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Korean War Vets Mark 60th Anniversary Of End To “Forgotten War”

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File picture taken circa April 15, 1951 around Seoul shows US troops waiting for attack order as North Korean troops launching a great offensive over the South Korean capital. United States supported South Korea during the 1950-1953 Korean war which ended with an armistice temporarily and the deployment of 37.000 US forces in South Korea. (Photo credit : STAFF/AFP/Getty Images)

File picture taken circa April 15, 1951 around Seoul shows US troops waiting for attack order as North Korean troops launching a great offensive over the South Korean capital. United States supported South Korea during the 1950-1953 Korean war which ended with an armistice temporarily and the deployment of 37.000 US forces in South Korea. (Photo credit : STAFF/AFP/Getty Images)

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CHICAGO (CBS) – Chicago area Korean War veterans on Friday marked the 60th anniversary of the end of what many call “The Forgotten War.”

WBBM Newsradio’s Brandis Friedman reports, with the help of their canes, walkers, and wheelchairs, a group of 55 Korean War veterans attended a memorial service at Kennedy Park in the Morgan Park neighborhood.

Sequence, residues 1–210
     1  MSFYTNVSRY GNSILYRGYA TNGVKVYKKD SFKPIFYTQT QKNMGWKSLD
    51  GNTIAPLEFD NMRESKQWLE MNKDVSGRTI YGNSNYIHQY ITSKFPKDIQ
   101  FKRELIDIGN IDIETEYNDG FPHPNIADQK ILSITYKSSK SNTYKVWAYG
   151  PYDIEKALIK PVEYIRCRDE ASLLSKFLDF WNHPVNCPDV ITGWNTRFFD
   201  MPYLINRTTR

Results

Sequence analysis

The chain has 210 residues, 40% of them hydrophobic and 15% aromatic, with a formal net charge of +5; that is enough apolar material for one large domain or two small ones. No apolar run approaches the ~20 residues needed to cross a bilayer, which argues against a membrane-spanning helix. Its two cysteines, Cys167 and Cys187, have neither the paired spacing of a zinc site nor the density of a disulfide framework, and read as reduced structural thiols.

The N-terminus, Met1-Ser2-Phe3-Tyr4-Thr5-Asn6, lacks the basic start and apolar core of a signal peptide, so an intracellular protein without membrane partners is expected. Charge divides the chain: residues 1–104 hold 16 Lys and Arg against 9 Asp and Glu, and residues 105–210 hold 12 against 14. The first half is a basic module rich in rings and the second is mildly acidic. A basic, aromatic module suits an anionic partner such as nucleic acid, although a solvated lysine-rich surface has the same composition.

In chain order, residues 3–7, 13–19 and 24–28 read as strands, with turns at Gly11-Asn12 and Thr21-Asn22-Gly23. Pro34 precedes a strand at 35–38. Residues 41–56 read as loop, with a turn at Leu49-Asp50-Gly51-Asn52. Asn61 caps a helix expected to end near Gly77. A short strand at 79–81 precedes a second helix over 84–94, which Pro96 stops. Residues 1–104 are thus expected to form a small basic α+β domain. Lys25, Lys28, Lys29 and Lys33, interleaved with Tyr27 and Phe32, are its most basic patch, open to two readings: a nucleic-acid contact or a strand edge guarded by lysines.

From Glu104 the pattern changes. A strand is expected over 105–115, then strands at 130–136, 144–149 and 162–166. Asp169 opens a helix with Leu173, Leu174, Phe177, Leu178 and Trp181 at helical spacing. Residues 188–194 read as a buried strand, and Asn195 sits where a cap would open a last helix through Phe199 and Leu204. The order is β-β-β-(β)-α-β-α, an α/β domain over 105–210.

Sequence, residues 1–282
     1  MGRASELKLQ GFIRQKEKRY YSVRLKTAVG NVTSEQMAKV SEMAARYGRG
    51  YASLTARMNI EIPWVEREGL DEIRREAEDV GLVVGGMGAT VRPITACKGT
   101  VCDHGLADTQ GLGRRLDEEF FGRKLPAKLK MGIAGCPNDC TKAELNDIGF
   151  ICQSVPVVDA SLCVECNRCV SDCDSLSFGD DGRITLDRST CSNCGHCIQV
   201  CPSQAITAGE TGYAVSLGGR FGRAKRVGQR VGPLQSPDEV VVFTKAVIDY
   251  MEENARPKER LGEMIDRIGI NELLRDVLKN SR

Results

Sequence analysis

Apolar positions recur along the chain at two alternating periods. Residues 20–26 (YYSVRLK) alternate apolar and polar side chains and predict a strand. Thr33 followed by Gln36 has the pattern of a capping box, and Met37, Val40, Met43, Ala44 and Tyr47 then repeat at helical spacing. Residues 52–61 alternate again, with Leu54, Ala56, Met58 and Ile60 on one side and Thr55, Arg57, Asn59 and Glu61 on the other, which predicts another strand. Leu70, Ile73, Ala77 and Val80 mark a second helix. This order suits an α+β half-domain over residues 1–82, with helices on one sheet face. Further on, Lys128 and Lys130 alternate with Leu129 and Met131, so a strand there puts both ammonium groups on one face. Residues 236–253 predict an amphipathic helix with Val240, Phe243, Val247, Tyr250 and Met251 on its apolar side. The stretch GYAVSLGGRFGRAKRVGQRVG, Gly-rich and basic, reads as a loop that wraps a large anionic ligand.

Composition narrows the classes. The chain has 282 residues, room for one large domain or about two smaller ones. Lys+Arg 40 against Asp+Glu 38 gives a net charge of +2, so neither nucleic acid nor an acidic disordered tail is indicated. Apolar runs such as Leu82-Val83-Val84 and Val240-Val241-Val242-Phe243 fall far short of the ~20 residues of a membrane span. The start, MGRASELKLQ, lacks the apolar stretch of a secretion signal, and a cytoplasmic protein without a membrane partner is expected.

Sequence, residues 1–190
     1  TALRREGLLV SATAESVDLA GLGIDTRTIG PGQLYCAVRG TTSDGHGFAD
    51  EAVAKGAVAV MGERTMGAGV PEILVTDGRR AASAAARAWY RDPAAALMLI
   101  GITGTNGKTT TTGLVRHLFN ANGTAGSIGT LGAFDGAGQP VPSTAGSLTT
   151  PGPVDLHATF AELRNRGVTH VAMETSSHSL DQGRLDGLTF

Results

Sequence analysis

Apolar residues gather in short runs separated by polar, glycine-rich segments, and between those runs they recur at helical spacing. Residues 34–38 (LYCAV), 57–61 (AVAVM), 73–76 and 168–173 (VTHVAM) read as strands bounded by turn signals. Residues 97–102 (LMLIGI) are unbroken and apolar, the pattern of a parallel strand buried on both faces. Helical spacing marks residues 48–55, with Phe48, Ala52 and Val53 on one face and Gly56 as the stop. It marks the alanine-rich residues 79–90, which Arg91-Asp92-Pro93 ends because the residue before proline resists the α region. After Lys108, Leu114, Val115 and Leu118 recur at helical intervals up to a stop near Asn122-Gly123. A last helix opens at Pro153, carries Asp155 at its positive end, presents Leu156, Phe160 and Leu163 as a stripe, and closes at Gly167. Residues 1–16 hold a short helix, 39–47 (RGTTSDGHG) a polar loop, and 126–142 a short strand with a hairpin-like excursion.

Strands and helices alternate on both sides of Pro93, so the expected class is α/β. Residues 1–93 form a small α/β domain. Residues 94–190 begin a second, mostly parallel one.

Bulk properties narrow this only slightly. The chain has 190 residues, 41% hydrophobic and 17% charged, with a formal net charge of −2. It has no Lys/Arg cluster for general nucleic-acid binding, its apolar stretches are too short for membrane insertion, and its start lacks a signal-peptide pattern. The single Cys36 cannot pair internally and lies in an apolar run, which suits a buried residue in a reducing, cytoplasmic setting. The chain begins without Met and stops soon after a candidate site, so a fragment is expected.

They were remembered for their able-bodied efforts more than 60 years ago in Korea.

“Looking back now, I think, ‘Well, we did help found an active democracy,’” said 82-year-old Army veteran James Fitch.

Ald. James Balcer (11th), a Vietnam veteran, was on hand to thank the veterans, and praised them for serving in conditions often seen as some of the most brutal for fighting a war – with unbearable heat and humidity in summer, and frigid conditions in winter.

“It was a terrible war. It was absolutely terrible for you guys; the hills, the mountains, the cold, the hot, the Communist forces that you fought,” Balcer said. “But through your efforts, you liberated South Korea from the North Koreans, and Communist Chinese forces.”

Fitch noted, however, that there was little support for the war at the time. He noted it was never officially called a war – but, rather, a “police action” – even though the fighting was intense.

“There was a time when we were called on artillery missions, and didn’t have shells to shoot,” he said.

He was serving in a command position, ordering artillery strikes on the night of the cease-fire in 1953.

“At 10:54, we were still shooting, and at 11 o’clock, everything stopped. It was bizarre. It was absolutely … everything went silent,” Fitch said.

At the time, Fitch said, soldiers didn’t expect the cease fire to last six hours – following more than two years of armistice talks – but it has lasted 60 years, although there has never been a formal peace treaty.

“They stopped firing at their side, we stopped firing at our side, and there hasn’t been any firing since,” Fitch said.

At Friday’s memorial service, the veterans took part in a wreath-laying, and South Korean Consul General Jin-hyun Lee thanked them by presenting them with commemorative coins.

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